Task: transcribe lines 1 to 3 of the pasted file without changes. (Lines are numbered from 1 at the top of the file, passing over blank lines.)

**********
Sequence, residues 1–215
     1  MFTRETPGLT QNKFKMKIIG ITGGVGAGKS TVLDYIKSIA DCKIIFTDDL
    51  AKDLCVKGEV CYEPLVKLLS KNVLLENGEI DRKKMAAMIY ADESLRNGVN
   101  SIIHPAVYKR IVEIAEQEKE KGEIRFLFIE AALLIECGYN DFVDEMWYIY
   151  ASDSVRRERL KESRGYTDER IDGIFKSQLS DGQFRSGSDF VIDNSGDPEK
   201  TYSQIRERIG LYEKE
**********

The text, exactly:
Sequence, residues 1–215
     1  MFTRETPGLT QNKFKMKIIG ITGGVGAGKS TVLDYIKSIA DCKIIFTDDL
    51  AKDLCVKGEV CYEPLVKLLS KNVLLENGEI DRKKMAAMIY ADESLRNGVN